Forever big-game hunting, the San Jose Sharks have finally made their big splash.
The Sharks have acquired Erik Karlsson from the Ottawa Senators for a package that features a collection of draft picks, including a first-round selection in 2020, current roster players Chris Tierney and Dylan DeMelo, and prospects Josh Norris and Rudolfs Balcers.
Aimed to prohibit a flip to the Florida Panthers (we say with tongue planted in cheek), the Senators will see a second-round pick included in the deal upgrade to a selection in the first round if the Sharks wind up trading the pending unrestricted free agent and star defender to an Eastern Conference team, according to reports.
There are further conditions on picks involved in the deal, including an upgrade if San Jose reaches the Stanley Cup Final.
There’s a ton to unpack here, so let’s look at what this means for the Sharks, Senators and Karlsson himself.
Losing nothing but bit-pieces from their current roster in Tierney and DeMelo to acquire the most talented offensive defenseman in the game, the trade marks a landmark victory for Doug Wilson and the Sharks.
With Karlsson and current roving force Brent Burns, the Sharks boast the only two defenders that have eclipsed 200 points across the last three seasons (no one else is particularly close) and three of the last seven Norris winners. Factor in the stabilizing force that is Marc-Eduoard Vlasic, and the Sharks have three world-class defenders eating up 20-plus minutes every night.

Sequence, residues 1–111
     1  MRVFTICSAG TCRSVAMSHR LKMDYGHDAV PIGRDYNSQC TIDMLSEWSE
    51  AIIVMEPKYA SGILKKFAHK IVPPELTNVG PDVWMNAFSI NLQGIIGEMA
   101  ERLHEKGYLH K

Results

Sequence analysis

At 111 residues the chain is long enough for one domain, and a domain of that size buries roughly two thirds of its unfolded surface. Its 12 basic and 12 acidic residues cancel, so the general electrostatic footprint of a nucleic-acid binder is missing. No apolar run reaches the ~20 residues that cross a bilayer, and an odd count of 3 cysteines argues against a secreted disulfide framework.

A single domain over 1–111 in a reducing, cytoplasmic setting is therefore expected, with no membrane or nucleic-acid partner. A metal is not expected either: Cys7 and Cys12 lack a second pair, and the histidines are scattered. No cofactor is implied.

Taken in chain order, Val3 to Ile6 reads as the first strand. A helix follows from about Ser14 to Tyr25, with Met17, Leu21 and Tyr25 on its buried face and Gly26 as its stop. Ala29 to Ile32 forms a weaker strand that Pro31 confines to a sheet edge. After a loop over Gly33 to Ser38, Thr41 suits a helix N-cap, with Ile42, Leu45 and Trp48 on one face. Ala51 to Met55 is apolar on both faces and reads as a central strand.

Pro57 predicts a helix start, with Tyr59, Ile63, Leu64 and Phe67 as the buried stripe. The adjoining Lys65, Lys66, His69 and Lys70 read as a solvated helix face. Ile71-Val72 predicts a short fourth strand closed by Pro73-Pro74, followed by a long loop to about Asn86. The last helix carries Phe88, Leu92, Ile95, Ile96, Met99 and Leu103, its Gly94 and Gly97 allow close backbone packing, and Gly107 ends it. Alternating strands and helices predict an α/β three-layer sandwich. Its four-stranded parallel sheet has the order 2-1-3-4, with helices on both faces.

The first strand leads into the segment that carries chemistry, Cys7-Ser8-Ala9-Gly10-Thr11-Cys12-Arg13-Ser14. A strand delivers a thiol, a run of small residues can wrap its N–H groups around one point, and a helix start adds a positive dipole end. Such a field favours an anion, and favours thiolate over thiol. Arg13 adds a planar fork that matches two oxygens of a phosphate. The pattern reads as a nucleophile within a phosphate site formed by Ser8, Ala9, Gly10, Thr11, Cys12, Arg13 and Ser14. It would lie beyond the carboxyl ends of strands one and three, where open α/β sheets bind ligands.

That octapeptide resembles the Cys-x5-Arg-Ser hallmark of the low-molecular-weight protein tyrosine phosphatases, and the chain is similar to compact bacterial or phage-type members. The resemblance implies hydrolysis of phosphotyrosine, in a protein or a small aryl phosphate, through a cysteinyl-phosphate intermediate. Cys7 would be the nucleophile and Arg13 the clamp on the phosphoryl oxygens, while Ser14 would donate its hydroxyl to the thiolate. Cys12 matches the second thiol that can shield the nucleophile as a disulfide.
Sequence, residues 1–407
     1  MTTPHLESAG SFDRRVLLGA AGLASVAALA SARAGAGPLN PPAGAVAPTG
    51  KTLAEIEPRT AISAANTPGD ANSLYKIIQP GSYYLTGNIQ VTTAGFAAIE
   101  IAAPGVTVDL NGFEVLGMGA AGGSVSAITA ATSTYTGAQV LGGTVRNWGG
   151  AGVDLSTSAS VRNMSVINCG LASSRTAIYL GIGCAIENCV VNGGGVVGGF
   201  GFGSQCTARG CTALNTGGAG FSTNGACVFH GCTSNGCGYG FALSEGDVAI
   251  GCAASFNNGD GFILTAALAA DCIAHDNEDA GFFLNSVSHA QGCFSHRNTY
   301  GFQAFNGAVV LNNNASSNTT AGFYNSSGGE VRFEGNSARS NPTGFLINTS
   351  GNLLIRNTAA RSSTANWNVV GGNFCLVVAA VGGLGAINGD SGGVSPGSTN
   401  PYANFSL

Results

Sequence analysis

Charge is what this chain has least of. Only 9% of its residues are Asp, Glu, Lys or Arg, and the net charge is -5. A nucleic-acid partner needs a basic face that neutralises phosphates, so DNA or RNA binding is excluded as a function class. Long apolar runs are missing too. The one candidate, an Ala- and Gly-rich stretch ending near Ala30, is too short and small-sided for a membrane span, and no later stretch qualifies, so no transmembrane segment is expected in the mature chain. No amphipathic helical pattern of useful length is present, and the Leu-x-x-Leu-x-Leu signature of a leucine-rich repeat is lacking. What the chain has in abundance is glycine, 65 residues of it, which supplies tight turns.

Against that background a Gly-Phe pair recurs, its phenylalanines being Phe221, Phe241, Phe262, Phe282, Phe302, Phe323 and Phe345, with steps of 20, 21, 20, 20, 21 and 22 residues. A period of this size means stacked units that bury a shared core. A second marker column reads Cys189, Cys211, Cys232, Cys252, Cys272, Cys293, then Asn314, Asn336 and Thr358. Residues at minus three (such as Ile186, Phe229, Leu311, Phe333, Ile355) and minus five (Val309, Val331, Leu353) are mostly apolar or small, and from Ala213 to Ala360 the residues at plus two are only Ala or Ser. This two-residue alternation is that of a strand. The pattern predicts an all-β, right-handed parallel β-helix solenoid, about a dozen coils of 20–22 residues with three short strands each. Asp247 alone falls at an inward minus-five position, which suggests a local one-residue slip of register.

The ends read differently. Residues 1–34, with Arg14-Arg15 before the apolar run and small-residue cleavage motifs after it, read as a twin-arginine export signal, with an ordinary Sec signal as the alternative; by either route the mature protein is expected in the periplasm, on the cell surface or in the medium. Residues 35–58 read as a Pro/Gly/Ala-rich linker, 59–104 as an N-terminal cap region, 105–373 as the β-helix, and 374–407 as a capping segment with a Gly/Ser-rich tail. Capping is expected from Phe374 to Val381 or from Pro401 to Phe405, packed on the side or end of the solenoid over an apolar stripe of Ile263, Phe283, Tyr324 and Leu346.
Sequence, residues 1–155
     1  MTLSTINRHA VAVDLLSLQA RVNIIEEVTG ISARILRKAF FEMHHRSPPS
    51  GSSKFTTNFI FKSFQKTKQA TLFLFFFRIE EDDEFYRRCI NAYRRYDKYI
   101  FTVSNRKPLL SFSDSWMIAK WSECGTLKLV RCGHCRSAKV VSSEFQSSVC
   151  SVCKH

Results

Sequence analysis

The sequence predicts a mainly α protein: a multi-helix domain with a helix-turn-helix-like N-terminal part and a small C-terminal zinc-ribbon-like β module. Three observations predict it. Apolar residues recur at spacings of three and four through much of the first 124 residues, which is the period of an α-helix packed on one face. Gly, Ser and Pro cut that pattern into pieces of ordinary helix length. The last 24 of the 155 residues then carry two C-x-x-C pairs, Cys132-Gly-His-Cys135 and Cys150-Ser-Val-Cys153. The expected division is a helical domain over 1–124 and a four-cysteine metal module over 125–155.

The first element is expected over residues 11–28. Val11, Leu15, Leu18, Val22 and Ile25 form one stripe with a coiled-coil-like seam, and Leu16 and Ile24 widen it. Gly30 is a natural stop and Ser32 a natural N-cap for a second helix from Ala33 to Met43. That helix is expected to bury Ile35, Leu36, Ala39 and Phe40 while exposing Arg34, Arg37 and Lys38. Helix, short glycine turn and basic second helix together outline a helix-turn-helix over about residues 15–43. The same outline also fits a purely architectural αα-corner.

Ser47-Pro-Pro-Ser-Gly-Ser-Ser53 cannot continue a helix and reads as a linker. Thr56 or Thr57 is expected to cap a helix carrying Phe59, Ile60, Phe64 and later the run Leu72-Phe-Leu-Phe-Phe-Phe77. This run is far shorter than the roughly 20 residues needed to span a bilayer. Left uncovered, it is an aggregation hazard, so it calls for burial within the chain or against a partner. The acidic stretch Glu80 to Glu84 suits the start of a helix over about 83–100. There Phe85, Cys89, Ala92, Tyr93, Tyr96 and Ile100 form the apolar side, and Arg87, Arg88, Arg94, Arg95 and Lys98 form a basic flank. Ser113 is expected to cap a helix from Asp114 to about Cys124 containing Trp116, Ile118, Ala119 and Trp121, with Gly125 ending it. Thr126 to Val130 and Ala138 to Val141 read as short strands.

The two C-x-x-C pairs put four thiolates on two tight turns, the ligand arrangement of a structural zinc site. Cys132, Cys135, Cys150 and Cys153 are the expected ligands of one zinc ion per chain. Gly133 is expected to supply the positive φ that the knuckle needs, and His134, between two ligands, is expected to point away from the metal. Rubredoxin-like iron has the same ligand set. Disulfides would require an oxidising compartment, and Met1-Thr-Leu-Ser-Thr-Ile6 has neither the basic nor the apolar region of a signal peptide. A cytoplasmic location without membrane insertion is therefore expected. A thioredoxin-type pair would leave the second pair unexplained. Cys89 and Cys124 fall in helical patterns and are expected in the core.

Preserving Tomas Hertl, Timo Meier and the remaining high-end talent on the roster, as well as the first-round selection from this summer’s draft, Ryan Merkley, the Sharks’ acquisition of Karlsson renders them clear favourites in the Pacific Division.
And when you consider how the Sharks did the Senators somewhat dirty on the Mike Hoffman deal, it makes their ability to pull this one off that much more remarkable.
While the Senators boast that they have acquired six assets in the “most important trade” of their rebuild, trimming the fat from the deal leaves two essential assets, both first-round picks. Ottawa will spend one in 2020 (the Senators remain without a first-round pick in 2019, which is hardly the way you want to start a rebuild), while acquiring San Jose’s top selection in 2017: Josh Norris.
Norris, who is, somewhat importantly, Brady Tkachuk’s best bud, is the “top prospect” in a deal that was always to include a potential impact player. Problem is, Norris doesn’t seem to be of the difference-maker variety, instead projecting as a middle-six centre with some skill and smarts. You need those type, but the Senators needed a can’t-miss prospect here.
With the 2020 pick likely not landing in the lottery, there are no assurances that the Senators will have secured a single premium asset in return for the greatest player in franchise history.
Not a fabulous look.
The reason the Karlsson sweepstakes dragged through summer and into training camp (and left the Senators with a meagre return) is Karlsson’s future — which he’s maintained full control of.
Countless trade packages, we can only assume, were dismantled for the sole reason that Karlsson wasn’t willing to commit his future to prospective buyers, instead reserving the right to explore all of his options.
Karlsson escapes the wreckage in Ottawa for a one-year lease and a legitimate chance to win the Stanley Cup (without the Bobby Ryan baggage), and can then choose his destination for a record-price on the open market.
As much as the Sharks emerged as winners today, Karlsson made absolute hay.
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